This last image, however, is more of an example of “surprise and fear”! When this tarantula scurried across my path near Battleship Rock in New Mexico, I reached for my camera and snapped a shot without checking the exposure settings.

Lens-Artists Photo Challenge: My Photo Groove

For me, photography is a precious, sentimental hobby with its origins in a love story. It allows me to delight in the moments of my life and savor them over time.

When I was in high school, I envied friends who were taking photography classes. Their images were so artfully composed and memorable. My boyfriend (who later became my husband) bought me a Canon AE1 for Christmas after we’d been dating a year. My mother wasn’t sure it would be wise for me to accept such an expensive gift at the tender age of 17, but I was absolutely sure this was the perfect gift, and the perfect giver. I really enjoyed taking pictures of my loved ones and the memories we’d made, and kept them close to me when I moved away to college.

When Jim and I married and had our four ridiculously photogenic children, I was the one taking pictures and chronicling our family’s growth and adventures with the very camera he’d bought me that Christmas.

Two years after my 47-year old husband died and our children had left the nest, the mechanism on my Canon that advanced the film jammed. I decided that for my 50th birthday, I would buy a digital camera…another Canon.

At this point, I fell in love with photographing a new subject – Nature. My new and current groove is all about what is out-of-doors.

Of course, I’m still the family photographer and thrill at the opportunity to capture special moments with my favorite humans.

In two weeks, I will be celebrating my 60th birthday. I think I deserve another milestone present in my photography story. I’m thinking that I will either get an 18-300mm lens for my Canon, or a small, tough, travel camera like the Olympus I borrowed and took backpacking last month.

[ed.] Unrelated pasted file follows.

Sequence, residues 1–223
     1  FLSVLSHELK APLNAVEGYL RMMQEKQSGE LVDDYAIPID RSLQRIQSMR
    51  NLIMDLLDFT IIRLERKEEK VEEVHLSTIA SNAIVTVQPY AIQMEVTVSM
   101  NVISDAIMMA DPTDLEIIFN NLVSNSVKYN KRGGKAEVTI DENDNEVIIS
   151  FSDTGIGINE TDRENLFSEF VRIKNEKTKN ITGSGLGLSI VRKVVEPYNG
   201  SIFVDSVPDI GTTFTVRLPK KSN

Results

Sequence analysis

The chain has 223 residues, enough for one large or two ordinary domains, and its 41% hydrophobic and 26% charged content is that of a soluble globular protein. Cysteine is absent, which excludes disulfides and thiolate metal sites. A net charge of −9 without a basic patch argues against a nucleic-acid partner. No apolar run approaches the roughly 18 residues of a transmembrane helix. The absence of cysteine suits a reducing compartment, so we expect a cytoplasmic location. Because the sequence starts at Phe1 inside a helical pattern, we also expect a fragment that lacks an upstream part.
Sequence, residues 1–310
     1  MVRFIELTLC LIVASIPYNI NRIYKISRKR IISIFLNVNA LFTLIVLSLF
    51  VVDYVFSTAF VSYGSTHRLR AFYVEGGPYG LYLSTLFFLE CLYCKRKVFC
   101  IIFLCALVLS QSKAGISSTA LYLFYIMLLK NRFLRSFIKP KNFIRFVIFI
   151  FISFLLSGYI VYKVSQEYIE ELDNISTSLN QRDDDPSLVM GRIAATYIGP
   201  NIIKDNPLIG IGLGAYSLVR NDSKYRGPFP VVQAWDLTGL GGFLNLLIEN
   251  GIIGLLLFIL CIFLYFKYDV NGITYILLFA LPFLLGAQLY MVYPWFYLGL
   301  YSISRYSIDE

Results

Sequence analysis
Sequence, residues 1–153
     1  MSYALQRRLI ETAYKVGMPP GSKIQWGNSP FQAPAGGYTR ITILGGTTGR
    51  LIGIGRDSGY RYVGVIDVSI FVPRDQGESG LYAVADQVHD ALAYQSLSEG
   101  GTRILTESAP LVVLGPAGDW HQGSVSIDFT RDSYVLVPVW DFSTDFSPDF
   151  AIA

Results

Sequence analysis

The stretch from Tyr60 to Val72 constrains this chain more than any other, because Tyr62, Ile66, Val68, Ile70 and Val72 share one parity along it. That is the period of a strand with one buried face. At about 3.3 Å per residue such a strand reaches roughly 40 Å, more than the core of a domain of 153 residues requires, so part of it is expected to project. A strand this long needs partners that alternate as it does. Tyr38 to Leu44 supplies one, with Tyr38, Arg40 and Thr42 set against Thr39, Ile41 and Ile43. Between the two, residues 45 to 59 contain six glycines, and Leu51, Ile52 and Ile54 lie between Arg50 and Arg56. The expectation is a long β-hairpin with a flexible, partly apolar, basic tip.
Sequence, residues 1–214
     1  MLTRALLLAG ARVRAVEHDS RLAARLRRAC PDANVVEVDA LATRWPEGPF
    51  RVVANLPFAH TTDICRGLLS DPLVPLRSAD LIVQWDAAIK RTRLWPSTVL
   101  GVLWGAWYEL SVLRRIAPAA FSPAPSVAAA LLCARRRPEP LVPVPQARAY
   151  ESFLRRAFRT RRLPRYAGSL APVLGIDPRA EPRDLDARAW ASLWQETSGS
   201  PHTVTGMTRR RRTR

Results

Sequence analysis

Thanks for listening to my groovy photo story, and thanks, Anne (our host) for asking! I look forward to seeing what other Lens-Artists are exploring with their art.

Lens-Artists Photo Challenge: Picking Favorites

“This exercise will really test your ability to be self-critical, as it has mine. Look into your archives and apply your most critical eye; play ‘judge’ and try to look dispassionately at your images. Pick out three (just three!) that stand out as particular favourites. Choose three from different genres please, but those genres are up to you: macro, wildlife, street, landscape, architecture. Anything goes, but each must be an image you are proud of.” — Toonsarah, Guest Host

You must understand, first of all, how difficult it is for me, the mother of four wonderful humans, to pick favorites. ‘Dispassionately’? You’re killing me! So, I will pick three favorites…AND three runners-up.

LANDSCAPE

Badlands National Park, South Dakota. After driving long hours over seemingly monotonous grassland, we reach this ancient valley and step out of the car onto Sage Creek Road. This is our first look at this fascinating park, and we are utterly gobsmacked! I like how this shot shows the scale and color of the landscape.

Seal Rock Beach, Oregon. My adult kids moved to Oregon, and I went out to visit. This moment of my daughter’s joyful exuberance captured my heart, and I moved out a year later. I love the light and reflection in this shot and the contrast in moods between the ocean and my daughter.

PORTRAIT

I am proud of this for several reasons. First, my son asked me to do his wedding photo shoot. I’d never done one before; I was terrified I’d fail him, but I didn’t. Second, it was a challenge to photograph outdoors and get good light that would balance their very different skin tones. I used fill-in flash, and that really helped. I love how my son is adoring his bride in this shot, and she just glows! I was really happy with my work that day, and so were they.

I just love this shot of my daughters hugging. I love the soft monochrome light and their bright smiles. It’s so cozy and sweet!

CLOSE-UP

Monarch butterfly caterpillars are very hard to find. They feed exclusively on milkweed plants. I searched the prairie at the George W. Mead Wildlife Area in Wisconsin and found one on the underside of a leaf. I rotated the frame to make the caterpillar right side up and more recognizable.

Gray treefrog, Fox Hill Nature Preserve, West Bend, Wisconsin. I took this photo while I was leading an event for the Cedar Lakes Conservation Foundation, a land trust I worked at for five years. I am proud of my work there and very fond of the kettle moraine habitats protected in that area.

Thanks for letting me show of some of my favorite images. I’m eager to see yours!